There were Brownshirts standing in a protective ring around the sight, the swastikas on their armbands prominently displayed. Inside that ring were men in black uniforms and men in civilian clothing. The men in civilian clothing and a few of the men in the black uniforms seemed to have a field of sparkles around them, which was odd. When I looked without the binoculars I could still see the sparkles around the men as well as around some of the standing stones. Looking at the stones with the sparkles, they now seemed to have faces with teeth. I looked over to Jack to ask him if he saw anything unusual and he had sparkles around him. Perhaps the eye balm just needed some time to sink in.

We observed the goings on for a while. It consisted mostly of some form of negotiations or argument between the civilians and the men in black uniforms. Eventually the men in black uniforms and the Brownshirts left and the civilians went into the ruins of an old cottage, leaving the crate in the open. Very odd.

Jack and I returned to the camp and informed Kurt and Sam of what we saw. We then set watches and I finally got to sleep. I put Kurt on a different watch than myself so I could sleep without his snoring interfering. It worked well.

October 5, 21:17, Ardennes Mountains, Belgium

A bad day. Albert lost his grip and fell, nearly pulling the rest of us down as well. As it was, he fell into a narrow wooded valley and the tree branches broke his fall, along with his leg, some ribs, and his arm, plus giving him a concussion. Jack used what healing arts he had learned from Chui to stabilize him and we made braces out of tree branches.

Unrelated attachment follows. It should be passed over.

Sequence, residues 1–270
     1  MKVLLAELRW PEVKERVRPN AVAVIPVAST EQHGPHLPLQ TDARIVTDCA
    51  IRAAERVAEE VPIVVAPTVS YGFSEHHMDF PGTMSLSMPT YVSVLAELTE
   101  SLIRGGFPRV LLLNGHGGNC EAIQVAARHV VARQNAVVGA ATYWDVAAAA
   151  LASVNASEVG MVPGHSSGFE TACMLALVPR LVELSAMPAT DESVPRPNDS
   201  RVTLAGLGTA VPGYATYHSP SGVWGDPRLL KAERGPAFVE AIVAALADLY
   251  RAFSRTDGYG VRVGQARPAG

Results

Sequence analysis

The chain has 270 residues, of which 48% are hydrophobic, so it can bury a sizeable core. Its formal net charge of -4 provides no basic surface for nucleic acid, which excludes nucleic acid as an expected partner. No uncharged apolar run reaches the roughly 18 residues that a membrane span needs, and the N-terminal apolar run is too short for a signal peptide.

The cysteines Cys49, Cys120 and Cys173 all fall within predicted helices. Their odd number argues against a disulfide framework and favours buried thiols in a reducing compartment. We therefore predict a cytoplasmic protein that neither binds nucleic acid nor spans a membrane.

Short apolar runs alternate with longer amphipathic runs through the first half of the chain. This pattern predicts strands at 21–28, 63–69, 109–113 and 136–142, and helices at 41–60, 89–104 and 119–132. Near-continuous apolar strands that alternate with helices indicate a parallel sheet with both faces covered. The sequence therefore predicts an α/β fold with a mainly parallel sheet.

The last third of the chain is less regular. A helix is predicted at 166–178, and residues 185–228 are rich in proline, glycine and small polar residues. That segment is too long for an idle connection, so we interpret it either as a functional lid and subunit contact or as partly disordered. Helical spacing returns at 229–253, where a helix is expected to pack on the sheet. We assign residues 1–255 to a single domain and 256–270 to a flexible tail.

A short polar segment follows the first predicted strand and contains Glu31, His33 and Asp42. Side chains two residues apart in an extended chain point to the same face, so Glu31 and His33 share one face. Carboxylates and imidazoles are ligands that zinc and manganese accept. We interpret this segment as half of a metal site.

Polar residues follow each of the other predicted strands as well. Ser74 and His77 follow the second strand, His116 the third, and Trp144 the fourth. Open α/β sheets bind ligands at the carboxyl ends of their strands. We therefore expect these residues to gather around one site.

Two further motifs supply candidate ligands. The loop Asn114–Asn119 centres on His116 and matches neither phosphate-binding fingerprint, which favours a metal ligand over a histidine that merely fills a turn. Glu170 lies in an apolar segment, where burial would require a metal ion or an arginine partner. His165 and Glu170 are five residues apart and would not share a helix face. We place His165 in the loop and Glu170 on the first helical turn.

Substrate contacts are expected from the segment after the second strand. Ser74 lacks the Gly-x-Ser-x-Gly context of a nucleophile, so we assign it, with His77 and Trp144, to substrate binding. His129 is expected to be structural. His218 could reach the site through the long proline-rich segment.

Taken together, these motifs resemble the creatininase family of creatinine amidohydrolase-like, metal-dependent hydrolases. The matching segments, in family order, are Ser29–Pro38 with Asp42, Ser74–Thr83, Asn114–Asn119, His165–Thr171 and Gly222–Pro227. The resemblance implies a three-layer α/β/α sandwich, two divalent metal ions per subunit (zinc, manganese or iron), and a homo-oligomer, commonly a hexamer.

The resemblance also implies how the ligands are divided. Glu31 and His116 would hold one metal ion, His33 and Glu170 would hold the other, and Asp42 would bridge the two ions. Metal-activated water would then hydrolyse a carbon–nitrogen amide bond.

Then it started to rain.

Kurt and Jack scouted out the valley quickly while I fashioned a lean-to to keep as much of the rain off Albert as possible. There was not much cover in the valley, but there was a cave at one end. We made an impromptu gurney and carried Albert as carefully as we could to the cave. The small creek that ran through the valley entered the cave and quickly descended to the right. To the left and back was a second cave that was much higher than the water and dry, so we made camp there. There were the remains of an old campfire and the cave seemed to have some ventilation, so we made a fire to keep Albert warm and avoid having him go into shock.

With that done, Jack and I explored the cave a bit and found what appeared to be an old pagan shrine. There were some offerings still there, ranging from some late Roman coins to jars and bottles dating through the 1700s. Nothing seemed to be younger than a century. We decided to avoid buying any trouble and left the shrine alone. The walls were also covered in crude paintings, showing the hunt for a white stag. I took some pictures to show to Dinsdale back in Boston. Possibly even Elijah. In fact, probably Elijah first.

I’m on first watch with Sam now and the night is passing slowly. It is still raining outside, but the creek has not risen appreciably, which is lucky for us. Albert seems to be breathing as well as can be expected and is sleeping, which is a small blessing of its own. However, back when Jack and Kurt were scouting the valley, Albert had been mumbling in a state of delirium. One of the things he said was, “can’t die. Who would become king?”